In my last two columns, I reflected on the Sunday Gospels of the woman at the well and of the man born blind. These profound passages from Saint John’s Gospel have a baptismal perspective: Jesus promising living water to the Samaritan woman; and Jesus, the Light of the world, giving sight to the man born blind. This Sunday’s Gospel, again from Saint John, also has a baptismal significance. The raising of Lazarus from the dead points to our rising in faith to a new and eternal life through Baptism. Water, light, and life!
These Sundays of Lent form a stimulating baptismal journey since the first centuries of Christianity. These Gospels continue to be proclaimed and have particular meaning for our catechumens preparing for Baptism at the Easter Vigil. They have meaning for all of us as we strive, with the help of God’s grace, to live our baptismal promises.
We are all familiar with the miracle of Jesus raising his friend Lazarus from the dead. This story from the 11th chapter of John’s Gospel is frequently chosen for funeral Masses. It is good when we commend our deceased brothers and sisters to the Lord that we hear the words of Jesus to Lazarus’ sister Martha, words that give us comfort and hope: I am the resurrection and the life; whoever believes in me, even if he dies, will live, and everyone who lives and believes in me will never die.
We can only imagine the surprise, maybe even consternation, of those who heard Jesus say those words. Martha believed Jesus’ words. A short time later, all were able to see the truth of Jesus’ words when, at His command, Lazarus (who had already been in the tomb for four days) came forth alive. The truth of Jesus’ proclamation that He is the resurrection and the life would become even more apparent on Easter Sunday morning with His own resurrection, the final victory over evil and death.
The raising of Lazarus was a sign of Christ’s power over death. He is “the life” who pulls down that wall that can seem so impenetrable to us: the wall of death. It shows us Christ’s lordship over death. Christ gives us a trustworthy hope of life beyond death. We need Martha’s faith in the midst of the doubts and fears we might encounter in the face of tragedies, especially in the face of death. When Jesus asked Martha if she believed He was the resurrection and the life, she replied: Yes, Lord. I have come to believe that you are the Christ, the Son of God, the one who is coming into the world.
We express this faith in the resurrection in the beautiful prayer in the Roman Missal, part of the Preface at Funeral Masses: Lord, for your faithful people life is changed, not ended. When the body of our earthly dwelling lies in death, we gain an everlasting dwelling place in heaven.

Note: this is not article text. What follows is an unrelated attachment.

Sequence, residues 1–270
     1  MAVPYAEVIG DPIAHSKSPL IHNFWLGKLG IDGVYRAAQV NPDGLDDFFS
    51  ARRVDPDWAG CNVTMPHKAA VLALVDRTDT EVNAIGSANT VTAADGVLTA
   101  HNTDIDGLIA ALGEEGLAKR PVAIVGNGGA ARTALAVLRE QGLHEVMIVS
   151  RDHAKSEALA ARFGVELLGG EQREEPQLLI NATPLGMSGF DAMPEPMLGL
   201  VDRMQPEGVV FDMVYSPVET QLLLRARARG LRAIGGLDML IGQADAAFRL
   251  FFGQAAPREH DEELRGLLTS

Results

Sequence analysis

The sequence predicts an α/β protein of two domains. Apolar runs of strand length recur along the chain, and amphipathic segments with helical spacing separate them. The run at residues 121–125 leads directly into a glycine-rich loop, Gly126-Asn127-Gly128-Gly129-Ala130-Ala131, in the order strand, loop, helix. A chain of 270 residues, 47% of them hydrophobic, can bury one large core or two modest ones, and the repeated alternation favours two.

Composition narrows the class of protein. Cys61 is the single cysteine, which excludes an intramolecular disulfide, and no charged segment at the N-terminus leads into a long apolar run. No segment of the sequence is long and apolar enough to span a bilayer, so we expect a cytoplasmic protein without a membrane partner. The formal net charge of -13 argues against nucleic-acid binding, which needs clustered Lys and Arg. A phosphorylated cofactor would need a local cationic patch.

While the Gospel of the raising of Lazarus shows Jesus’ power over physical death, it also points to Jesus’ power over spiritual death. In this vein, Saint Augustine saw the raising of Lazarus as a symbol of the sacrament of Penance. Just as burial clothes bound Lazarus, sin binds human beings. Jesus told the people to unbind the burial bands from Lazarus as he came forth from the tomb. So the Lord, through His priests, unbinds sinners from the chains of sin, from spiritual death in the sacrament of Penance. We truly experience new life, a kind of second Baptism, through this sacrament of God’s mercy.
Saint Augustine wrote in a homily on this Gospel: Everyone who sins, dies. Every man fears the death of the flesh, few the death of the soul. In regard to the death of the flesh, which without a doubt must someday come, all guard against its coming: that is the reason for their labors. Man, destined to die, labors to avert his dying; and yet man, destined to live in eternity does not labor to avoid sinning. Lent is a season that reminds us to labor to avoid sinning. This is the point of our Lenten penance and sacrifices: interior conversion.
It is our mission as Christians to proclaim that Jesus is the resurrection and the life. It means we live as a people of hope and that we spread that hope to others. Saint Peter wrote: Always be ready to give an explanation to anyone who asks you for a reason for your hope (1 Peter 3:15). Of course, that hope must first be real and personal, based on our encounter with Christ and His mercy, so that we can witness to the joy that arises from the gift of living hope we have received. This is the witness that evangelizes, the witness of joyful and hope-filled disciples of Jesus, those who believe that Jesus Christ is the resurrection and the life.
As we approach Holy Week, let us pray that our own faith may be strengthened, so that we, like Martha, can place all our hope in Him who is the resurrection and the life!
May the intercession of our Blessed Mother strengthen our faith and hope in her Son, especially in moments of trial and difficulty!
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